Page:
- My husband's visa saga is still on-going and I was hoping to wait until he arrived in the UK before looking for accommodation for both of us.
- I currently live about 60 miles away from office and I refuse to commute to the office that distance.
- Moving back to the city is therefore a requirement, but I don't like living alone. Hence, back to the first point, of why I was waiting for my husband to arrive.
But HR, as ever, were not so understanding. And so, with sadness, I began to look for an apartment that would suit. Luckily, one trip to the city and I found the perfect (and expensive) apartment for rent that is across the road from the office. A 5 minute door-to-door walking commute. An absolute dream. And the apartment itself has a spectacular view.
Living next to work is very beneficial. The area is lovely, and the view is amazing. Also, if I need to be at home for anything such as the plumber coming to sort out the boiler (which happened in my first week living there), it's only a matter of popping over when they are en-route. As well, there is no rushing to work or away from work to beat traffic, as I only have to walk a few minutes and I've arrived.
Why I like the Office
Working from home was a great time in my career. I enjoyed it a lot, and if I had no need to go back to the office, I would probably still be doing it. But this would have been more out of routine than being the genuinely best thing for me to. Going back to the office after so long has let me reflect on the many things I actually enjoy about being back in the office.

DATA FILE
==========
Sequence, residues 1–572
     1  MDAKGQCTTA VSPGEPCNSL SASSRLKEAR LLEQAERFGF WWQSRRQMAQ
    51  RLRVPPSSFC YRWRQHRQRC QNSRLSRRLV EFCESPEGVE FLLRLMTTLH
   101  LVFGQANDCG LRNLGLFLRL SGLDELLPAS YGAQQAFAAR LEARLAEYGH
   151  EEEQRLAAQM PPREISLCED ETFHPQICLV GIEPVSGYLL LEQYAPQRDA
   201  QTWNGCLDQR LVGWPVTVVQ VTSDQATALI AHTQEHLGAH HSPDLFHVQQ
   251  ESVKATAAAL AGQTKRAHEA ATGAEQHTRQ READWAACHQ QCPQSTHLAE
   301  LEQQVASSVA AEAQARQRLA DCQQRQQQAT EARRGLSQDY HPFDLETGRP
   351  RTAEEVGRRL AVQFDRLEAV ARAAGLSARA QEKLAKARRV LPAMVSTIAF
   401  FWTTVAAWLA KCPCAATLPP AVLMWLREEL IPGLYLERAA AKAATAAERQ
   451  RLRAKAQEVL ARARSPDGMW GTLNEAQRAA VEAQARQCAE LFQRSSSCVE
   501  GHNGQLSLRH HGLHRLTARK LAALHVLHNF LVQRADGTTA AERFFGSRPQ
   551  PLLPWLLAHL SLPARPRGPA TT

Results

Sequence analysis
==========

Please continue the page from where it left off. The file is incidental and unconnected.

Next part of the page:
- Water Cooler Chats
Water cooler chats only happen in the office. These are the conversations you have with no real intent, where you meet a colleague, usually from another team, in the kitchen area, and start chatting. There is no agenda, no desired outcome, and like any spontaneous chat, what you will gain is purely open to chance. So many of these conversations can lead to a greater understanding of what another team is doing, and even lead to gaining an awareness of some tool or process that could help with my work. Often times, water cooler chats are also just great banter, and that;s great too. These may not lead to moments of specific knowledge acquisition, but pure social contact across teams is also worth going to the office for.
My movement whilst working from home during Covid 19 greatly suffered. At the beginning, there were restrictions on going outside which was understandable. As these restrictions eventually subsided, my movement still didn't really improved. I got into a rut were exercise and movement was concerned, and since I was already in the house all day, working at a desk, by evening time I was mentally tired and not up for physical activity either. Going to the office challenges me on this front. Already moving in the morning to get to work, the idea of going out for a lunch time walk or afternoon tea break (weather permitting, of course) isn't such a chore. I definitely feel all the better for it.